Lifestyle

Underrated North Texas Towns You Need to Spend More Time In

Published On 09/20/2016 Published On 09/20/2016

Sometimes you're looking for a quick getaway, one that doesn’t keep you in the car so long that your bum goes numb. You've done Fort Worth; Austin is too far; so where do you go? There are no fewer than seven North Texas towns that you need to spend more time in, with everything from wineries to llamas, and explorable in less than one gas tank. So turn up the Willie Nelson, gas up the the wood-paneled station wagon, and hit the open road.

Celina

Why it's so great: In the past, Celina was known for having one of the most successful football programs in Texas, and... well, that’s about it. Today, Celina is experiencing massive growth and quickly becoming a sought-after home-buying destination. For now, Celina is still very much a small town, and one that makes for a perfect day trip, situated about 30 minutes from North Dallas. Check out the Texas Farmers Market on select dates in the historic Downtown square for some fresh veggies and fruits. While you’re there, be sure to have some homemade Texas pie at Lucy’s on the Square.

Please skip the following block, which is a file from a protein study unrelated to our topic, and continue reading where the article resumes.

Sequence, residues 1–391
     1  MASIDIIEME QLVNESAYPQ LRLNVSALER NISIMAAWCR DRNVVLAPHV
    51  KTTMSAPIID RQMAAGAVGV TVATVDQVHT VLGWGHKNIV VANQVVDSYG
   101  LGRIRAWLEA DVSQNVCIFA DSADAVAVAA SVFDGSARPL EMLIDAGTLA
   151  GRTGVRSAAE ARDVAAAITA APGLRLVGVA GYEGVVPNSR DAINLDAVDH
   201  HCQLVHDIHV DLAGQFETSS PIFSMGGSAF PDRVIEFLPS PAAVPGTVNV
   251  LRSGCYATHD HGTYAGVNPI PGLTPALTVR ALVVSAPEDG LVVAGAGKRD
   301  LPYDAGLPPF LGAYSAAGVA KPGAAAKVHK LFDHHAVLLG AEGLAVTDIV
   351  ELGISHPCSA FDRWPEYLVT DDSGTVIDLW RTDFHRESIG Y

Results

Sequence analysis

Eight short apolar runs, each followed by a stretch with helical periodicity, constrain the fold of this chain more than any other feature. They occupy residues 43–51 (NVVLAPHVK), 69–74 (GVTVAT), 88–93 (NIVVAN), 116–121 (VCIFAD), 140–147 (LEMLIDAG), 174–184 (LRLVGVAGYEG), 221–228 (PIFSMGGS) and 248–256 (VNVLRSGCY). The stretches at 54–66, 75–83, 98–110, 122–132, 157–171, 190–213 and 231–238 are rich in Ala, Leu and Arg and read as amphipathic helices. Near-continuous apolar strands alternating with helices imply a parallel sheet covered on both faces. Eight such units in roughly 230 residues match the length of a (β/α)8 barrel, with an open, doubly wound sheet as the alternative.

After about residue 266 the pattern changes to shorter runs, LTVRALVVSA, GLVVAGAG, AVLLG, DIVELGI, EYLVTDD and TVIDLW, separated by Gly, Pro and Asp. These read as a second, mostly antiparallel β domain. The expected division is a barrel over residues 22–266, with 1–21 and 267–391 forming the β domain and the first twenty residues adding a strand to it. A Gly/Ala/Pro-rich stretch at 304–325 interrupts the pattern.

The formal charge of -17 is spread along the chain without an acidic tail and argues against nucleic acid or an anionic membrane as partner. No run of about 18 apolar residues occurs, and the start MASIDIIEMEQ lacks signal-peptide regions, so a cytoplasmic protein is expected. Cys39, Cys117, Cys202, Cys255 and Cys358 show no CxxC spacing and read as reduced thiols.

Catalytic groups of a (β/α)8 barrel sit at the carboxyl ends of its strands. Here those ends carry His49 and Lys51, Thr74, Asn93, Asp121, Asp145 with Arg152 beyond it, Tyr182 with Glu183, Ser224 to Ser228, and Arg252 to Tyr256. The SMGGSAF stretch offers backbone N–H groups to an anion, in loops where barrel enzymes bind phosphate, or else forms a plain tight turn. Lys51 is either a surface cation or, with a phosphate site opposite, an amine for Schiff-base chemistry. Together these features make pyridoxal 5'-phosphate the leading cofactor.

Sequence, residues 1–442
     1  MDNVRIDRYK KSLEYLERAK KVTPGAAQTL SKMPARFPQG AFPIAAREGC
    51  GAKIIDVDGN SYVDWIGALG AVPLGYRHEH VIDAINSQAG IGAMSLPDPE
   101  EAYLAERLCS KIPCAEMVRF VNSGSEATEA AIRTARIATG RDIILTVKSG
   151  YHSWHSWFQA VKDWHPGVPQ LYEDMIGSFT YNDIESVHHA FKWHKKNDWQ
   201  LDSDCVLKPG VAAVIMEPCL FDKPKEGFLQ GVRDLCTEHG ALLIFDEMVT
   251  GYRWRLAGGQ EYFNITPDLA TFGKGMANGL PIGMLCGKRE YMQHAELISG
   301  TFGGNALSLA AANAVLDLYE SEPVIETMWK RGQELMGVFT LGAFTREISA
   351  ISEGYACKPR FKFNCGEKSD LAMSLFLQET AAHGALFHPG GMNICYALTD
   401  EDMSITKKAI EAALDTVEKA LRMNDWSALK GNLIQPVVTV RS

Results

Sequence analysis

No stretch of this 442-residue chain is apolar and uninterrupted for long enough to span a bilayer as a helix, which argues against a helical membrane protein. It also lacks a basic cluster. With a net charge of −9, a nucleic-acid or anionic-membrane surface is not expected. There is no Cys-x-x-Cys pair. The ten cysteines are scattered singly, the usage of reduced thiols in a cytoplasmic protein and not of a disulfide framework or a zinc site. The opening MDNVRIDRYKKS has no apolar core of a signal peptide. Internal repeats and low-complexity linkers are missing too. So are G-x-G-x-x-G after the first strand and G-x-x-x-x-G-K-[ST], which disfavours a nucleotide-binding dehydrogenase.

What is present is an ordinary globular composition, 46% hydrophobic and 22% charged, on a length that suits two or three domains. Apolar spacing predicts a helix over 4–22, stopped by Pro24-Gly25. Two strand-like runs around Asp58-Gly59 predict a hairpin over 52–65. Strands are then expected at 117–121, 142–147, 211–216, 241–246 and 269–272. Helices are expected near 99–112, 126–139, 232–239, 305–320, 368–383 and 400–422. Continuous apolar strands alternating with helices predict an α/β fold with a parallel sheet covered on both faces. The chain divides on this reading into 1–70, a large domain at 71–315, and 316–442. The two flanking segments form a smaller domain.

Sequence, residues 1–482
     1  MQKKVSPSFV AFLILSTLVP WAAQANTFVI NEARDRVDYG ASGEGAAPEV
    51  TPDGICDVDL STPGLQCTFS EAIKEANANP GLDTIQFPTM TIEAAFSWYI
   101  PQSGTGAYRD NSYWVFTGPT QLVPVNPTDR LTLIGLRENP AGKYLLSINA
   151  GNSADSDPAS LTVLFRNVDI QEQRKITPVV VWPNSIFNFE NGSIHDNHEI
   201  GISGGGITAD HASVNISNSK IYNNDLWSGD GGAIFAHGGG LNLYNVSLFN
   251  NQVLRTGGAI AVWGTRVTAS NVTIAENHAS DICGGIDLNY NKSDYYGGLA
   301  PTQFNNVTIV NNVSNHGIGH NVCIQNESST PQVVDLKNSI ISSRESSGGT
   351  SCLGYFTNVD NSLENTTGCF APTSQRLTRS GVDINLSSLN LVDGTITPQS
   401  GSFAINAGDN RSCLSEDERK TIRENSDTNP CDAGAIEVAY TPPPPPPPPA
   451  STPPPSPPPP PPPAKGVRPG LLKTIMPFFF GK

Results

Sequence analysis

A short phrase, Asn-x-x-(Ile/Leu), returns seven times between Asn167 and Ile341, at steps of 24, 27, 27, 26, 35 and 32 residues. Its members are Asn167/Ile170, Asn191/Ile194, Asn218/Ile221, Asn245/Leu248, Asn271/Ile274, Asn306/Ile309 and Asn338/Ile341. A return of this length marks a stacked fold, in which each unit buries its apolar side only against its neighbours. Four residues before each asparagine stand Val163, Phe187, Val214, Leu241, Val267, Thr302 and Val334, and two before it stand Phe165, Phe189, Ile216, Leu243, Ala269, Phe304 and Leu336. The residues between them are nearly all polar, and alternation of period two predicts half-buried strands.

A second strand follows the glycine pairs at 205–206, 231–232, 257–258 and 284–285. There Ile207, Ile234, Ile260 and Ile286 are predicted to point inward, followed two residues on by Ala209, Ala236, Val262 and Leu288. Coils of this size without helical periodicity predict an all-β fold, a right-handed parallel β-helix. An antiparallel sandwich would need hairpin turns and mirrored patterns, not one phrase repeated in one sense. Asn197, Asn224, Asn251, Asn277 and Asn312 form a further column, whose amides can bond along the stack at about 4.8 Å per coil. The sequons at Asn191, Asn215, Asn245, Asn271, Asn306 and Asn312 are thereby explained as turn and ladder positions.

Must-do: Stop by Eden Hill Vineyard & Winery and do some wine tasting. If you stop in on the weekends, you might be able to catch a quick tour of the vineyard. Be sure to taste the outstanding Albarino~Viognier; it won a gold medal at the San Francisco International Wine Competition.

Flickr/Jimmy Emerson, DVM

Parker

Why it’s so great: Parker is home to famed Southfork Ranch from the TV series Dallas, so make sure you take a tour. Don't leave before trying Kelly Family Farms burger stand, which is located in the middle of a pasture and has quite possibly the most delicious burgers in Texas, all made from grass-fed beef. No word on if the grass-fed beef comes from the cows in said pasture.

Must-do: You can’t visit Parker and not visit the llamas. Yes, the llamas: Dalai Llama, Drama Llama, Barack O’Llama, Como T. Llama, and Bahama Llama to be exact (all actual llama names). At animal adventure company ShangriLlama, you can pet them, walk with them, and learn about them from head to toe, er, hoof.

City of Cedar Hill, Texas - Government

Cedar Hill